Cuts in government spending aim to reduce the deficit and bring the budget closer to balance. But the process can be more complicated than that.
That point was made when U.S. Interior Secretary Ken Salazar went before the House Committee on Natural Resources this month to testify about President Obama's proposed fiscal 2012 budget request.
Rep. Betty Sutton noted the economic benefits the department helps spur in Ohio, as she focused on the budget recommendation to cut $125 million from the Great Lakes Restoration Initiative. Sutton called the initiative "incredibly important" to the region economically.
"Lake Erie supports nearly 10 percent of Ohio's jobs and generates $750 million in state and local taxes," she said.
PolitiFact Ohio wondered where those figures came from, and took a look.
The long-range Great Lakes Restoration Initiative, developed by a task force of 11 federal agencies, aims to clean up toxic sediment and polluted areas, combating invasive species such as Asian carp, restore degraded wetlands and support fish and wildlife resources.
Obama requested $350 million for the program for fiscal 2012, down from the $475 million standard of 2010. The initiative was chopped to $225 million, or less than half of that, by a plan from House Republicans to cut $61 billion in federal spending.
We asked Sutton's office to cite her source for data on the Lake Erie’s economic impact. They referred us to the Great Lakes Commission, a cooperative formed by the eight Great Lakes states and Canada in 1955. One of the commission's fact sheets did have those numbers, and others, which were attributed to the commission's own studies and a variety of official sources.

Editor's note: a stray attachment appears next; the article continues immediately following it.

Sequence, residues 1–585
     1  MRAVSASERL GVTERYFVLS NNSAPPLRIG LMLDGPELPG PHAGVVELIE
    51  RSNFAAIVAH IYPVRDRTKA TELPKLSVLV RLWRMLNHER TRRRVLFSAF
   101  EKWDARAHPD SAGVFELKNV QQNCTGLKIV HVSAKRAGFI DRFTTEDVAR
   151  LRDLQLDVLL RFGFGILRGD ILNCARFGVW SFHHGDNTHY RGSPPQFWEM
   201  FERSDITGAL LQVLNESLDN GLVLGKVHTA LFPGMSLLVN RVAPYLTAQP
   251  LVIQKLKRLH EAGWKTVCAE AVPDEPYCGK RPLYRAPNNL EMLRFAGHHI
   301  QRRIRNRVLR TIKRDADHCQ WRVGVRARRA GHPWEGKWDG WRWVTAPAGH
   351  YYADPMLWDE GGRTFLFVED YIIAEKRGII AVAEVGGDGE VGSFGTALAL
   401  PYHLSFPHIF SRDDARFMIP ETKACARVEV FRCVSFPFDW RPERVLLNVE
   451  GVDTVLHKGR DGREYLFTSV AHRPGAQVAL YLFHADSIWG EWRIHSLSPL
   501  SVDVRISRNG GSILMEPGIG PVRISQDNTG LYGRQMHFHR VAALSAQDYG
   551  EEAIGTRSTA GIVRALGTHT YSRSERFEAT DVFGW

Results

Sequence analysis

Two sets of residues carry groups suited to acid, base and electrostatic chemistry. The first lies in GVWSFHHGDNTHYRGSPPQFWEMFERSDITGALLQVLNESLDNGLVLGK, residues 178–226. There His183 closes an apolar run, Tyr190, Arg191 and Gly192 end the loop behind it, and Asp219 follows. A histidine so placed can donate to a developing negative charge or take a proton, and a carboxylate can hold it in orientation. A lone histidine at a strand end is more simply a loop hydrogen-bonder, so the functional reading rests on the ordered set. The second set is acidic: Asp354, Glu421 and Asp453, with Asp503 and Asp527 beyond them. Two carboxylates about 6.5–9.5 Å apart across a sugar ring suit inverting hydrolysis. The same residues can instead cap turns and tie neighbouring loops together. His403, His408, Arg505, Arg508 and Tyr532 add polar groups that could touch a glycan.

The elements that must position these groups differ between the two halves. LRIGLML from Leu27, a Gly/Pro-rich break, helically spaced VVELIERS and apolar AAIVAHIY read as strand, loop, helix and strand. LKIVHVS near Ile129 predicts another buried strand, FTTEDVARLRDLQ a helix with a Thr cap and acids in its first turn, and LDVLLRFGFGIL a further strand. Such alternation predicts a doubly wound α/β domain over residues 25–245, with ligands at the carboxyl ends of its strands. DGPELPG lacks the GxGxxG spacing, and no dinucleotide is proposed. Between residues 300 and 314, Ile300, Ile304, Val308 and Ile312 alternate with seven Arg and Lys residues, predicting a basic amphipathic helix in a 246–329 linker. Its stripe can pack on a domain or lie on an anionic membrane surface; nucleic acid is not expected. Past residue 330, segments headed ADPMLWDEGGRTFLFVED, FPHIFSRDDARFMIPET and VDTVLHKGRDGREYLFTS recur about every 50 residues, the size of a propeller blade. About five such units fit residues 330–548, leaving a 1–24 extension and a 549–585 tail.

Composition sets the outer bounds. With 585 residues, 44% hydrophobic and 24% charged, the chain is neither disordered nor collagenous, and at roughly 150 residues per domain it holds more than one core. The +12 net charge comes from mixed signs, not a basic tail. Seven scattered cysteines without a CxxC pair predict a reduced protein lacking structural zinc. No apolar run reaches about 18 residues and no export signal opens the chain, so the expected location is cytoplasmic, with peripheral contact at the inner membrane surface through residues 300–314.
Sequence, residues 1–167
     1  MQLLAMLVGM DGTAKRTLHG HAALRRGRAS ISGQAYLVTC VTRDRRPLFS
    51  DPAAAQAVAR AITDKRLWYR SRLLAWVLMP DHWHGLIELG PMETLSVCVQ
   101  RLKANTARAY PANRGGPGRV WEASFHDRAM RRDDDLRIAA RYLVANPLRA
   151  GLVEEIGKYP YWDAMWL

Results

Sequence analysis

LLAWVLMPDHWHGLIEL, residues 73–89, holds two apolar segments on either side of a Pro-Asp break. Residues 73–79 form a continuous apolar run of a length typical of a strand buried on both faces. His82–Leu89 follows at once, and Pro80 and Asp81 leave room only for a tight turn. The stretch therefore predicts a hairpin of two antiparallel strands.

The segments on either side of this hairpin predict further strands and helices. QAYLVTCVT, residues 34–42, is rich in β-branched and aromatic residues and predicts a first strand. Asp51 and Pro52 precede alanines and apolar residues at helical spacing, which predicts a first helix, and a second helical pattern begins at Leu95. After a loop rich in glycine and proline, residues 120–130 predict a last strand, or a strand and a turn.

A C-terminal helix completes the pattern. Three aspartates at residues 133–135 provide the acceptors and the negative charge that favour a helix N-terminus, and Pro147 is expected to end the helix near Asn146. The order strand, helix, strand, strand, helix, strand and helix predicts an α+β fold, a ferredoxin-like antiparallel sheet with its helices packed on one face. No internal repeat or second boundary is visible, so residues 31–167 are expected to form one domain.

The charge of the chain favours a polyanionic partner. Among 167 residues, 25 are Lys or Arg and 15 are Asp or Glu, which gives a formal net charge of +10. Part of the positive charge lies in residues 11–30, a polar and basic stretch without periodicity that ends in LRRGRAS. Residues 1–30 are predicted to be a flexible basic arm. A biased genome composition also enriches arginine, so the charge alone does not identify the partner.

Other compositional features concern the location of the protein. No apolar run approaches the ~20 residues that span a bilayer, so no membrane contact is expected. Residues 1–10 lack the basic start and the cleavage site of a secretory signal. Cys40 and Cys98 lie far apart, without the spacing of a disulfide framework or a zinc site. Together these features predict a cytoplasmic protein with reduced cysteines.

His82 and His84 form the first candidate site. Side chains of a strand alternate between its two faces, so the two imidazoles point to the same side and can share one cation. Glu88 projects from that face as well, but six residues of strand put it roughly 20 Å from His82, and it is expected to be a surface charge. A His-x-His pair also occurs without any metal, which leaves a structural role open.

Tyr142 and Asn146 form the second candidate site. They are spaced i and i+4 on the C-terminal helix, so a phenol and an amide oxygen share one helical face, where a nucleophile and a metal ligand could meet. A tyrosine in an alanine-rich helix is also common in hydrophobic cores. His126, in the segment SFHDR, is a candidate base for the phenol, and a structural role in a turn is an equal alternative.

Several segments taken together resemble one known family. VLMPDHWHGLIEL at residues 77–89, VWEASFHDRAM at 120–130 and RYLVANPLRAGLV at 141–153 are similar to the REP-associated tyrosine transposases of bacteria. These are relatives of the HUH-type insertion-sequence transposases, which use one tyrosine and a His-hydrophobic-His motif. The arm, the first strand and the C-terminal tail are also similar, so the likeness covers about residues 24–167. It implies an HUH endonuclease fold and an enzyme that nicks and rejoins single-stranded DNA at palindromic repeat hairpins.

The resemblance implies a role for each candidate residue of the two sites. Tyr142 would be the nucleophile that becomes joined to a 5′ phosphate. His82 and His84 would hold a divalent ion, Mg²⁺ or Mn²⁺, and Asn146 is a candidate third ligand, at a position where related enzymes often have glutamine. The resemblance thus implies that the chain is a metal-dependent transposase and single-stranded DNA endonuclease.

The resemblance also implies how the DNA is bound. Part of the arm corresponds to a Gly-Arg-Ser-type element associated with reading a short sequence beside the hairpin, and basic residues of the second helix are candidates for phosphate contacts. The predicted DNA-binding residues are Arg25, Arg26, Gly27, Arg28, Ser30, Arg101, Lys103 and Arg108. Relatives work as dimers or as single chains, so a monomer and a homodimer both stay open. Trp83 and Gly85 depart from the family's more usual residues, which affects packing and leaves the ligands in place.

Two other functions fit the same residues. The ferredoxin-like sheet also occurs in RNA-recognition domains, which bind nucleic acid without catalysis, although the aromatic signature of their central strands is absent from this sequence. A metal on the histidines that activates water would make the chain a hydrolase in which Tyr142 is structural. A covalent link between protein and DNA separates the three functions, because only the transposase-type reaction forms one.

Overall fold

The tax figure, credited by the commission to a fact sheet from the Ohio Department of Natural Resources, ultimately came from Ohio Travel & Tourism, part of the Department of Development. It said that Lake Erie tourism generated $430 million in state tax revenue and $320 million in local tax revenue -- together totaling the $750 million Sutton cited.
But the commission's communications director, Christine Manninen, told us the jobs figure Sutton relied on was stated erroneously in the March 2011 fact sheet, in a paragraph that jumbled lake-related and statewide figures. The online fact sheet was corrected after the hearing where Sutton cited it.
It is the state's tourism industry that accounts for nearly 10 percent of Ohio's more than 5 million jobs, according to Ohio Travel & Tourism. Nevertheless, Lake Erie does support a large number of jobs -- more than 100,000 in northeast Ohio.
Sutton relied on a credible official source for her numbers, and she cited them accurately, though one of her sources, a credible one at that, misstated its data.
That’s a piece of information needed for clarification. We rate her statement as Mostly True.